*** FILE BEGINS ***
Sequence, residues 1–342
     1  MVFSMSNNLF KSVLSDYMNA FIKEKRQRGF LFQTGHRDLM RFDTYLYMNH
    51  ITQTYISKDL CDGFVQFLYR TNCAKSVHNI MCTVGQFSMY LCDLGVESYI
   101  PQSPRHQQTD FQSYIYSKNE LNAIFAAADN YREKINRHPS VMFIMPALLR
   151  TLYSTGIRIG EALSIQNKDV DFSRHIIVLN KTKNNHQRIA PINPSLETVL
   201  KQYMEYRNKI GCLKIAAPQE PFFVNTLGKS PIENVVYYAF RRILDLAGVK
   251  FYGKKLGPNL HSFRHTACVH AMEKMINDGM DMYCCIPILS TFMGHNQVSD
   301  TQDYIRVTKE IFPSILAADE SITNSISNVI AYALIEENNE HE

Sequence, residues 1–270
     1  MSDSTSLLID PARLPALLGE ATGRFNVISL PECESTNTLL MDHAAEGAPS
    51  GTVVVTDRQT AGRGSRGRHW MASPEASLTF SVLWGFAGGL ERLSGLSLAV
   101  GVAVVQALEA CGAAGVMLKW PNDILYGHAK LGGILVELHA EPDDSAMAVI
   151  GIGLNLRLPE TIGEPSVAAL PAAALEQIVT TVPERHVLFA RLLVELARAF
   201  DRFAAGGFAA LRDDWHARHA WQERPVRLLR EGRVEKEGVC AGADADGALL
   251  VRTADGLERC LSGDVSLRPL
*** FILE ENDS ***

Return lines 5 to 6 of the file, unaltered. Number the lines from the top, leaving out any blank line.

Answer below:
   151  TLYSTGIRIG EALSIQNKDV DFSRHIIVLN KTKNNHQRIA PINPSLETVL
   201  KQYMEYRNKI GCLKIAAPQE PFFVNTLGKS PIENVVYYAF RRILDLAGVK